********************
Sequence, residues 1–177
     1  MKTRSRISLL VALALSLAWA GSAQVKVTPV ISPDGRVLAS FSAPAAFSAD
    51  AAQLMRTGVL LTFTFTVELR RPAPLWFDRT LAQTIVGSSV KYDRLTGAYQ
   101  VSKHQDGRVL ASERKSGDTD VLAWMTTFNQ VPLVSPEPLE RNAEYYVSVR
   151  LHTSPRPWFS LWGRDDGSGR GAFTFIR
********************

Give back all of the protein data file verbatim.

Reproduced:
Sequence, residues 1–177
     1  MKTRSRISLL VALALSLAWA GSAQVKVTPV ISPDGRVLAS FSAPAAFSAD
    51  AAQLMRTGVL LTFTFTVELR RPAPLWFDRT LAQTIVGSSV KYDRLTGAYQ
   101  VSKHQDGRVL ASERKSGDTD VLAWMTTFNQ VPLVSPEPLE RNAEYYVSVR
   151  LHTSPRPWFS LWGRDDGSGR GAFTFIR